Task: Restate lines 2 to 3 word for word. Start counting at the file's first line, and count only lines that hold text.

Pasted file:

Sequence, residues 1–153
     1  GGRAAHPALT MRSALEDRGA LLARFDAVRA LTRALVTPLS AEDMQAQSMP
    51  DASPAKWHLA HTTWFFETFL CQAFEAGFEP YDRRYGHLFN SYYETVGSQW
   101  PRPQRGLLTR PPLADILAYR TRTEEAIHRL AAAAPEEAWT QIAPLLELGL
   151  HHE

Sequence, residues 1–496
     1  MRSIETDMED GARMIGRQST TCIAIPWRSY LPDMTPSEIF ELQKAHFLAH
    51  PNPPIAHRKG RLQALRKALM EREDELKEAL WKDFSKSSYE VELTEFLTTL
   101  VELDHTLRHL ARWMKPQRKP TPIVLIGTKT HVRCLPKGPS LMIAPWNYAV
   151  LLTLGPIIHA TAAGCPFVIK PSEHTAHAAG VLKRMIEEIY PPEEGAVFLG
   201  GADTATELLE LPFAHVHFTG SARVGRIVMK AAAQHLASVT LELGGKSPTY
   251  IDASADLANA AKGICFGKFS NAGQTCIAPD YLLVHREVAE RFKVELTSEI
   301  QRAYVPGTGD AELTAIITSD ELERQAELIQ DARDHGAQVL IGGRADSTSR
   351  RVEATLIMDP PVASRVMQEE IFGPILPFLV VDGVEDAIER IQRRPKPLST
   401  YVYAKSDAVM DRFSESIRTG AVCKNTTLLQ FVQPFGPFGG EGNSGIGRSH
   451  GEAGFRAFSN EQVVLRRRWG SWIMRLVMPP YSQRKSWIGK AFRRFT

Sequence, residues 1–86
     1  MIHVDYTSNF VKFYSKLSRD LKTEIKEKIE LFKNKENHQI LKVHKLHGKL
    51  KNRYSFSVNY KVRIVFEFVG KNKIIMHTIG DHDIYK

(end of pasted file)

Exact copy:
     1  GGRAAHPALT MRSALEDRGA LLARFDAVRA LTRALVTPLS AEDMQAQSMP
    51  DASPAKWHLA HTTWFFETFL CQAFEAGFEP YDRRYGHLFN SYYETVGSQW